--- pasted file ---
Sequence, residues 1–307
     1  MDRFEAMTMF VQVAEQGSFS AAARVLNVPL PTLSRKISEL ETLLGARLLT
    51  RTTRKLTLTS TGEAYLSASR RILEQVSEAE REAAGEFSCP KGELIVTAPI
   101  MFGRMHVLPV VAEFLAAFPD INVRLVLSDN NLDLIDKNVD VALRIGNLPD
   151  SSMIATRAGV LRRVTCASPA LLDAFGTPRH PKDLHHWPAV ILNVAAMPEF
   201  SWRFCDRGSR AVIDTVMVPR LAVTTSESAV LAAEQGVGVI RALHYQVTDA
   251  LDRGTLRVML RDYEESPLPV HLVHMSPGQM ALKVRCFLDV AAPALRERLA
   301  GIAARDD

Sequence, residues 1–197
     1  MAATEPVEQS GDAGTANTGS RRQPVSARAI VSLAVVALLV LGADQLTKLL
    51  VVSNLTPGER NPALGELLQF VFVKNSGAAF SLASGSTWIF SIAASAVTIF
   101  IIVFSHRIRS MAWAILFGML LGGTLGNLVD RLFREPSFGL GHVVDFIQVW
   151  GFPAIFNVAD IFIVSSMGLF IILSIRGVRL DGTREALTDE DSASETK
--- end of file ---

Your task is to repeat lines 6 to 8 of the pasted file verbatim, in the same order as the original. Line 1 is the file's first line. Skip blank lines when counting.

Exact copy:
   201  SWRFCDRGSR AVIDTVMVPR LAVTTSESAV LAAEQGVGVI RALHYQVTDA
   251  LDRGTLRVML RDYEESPLPV HLVHMSPGQM ALKVRCFLDV AAPALRERLA
   301  GIAARDD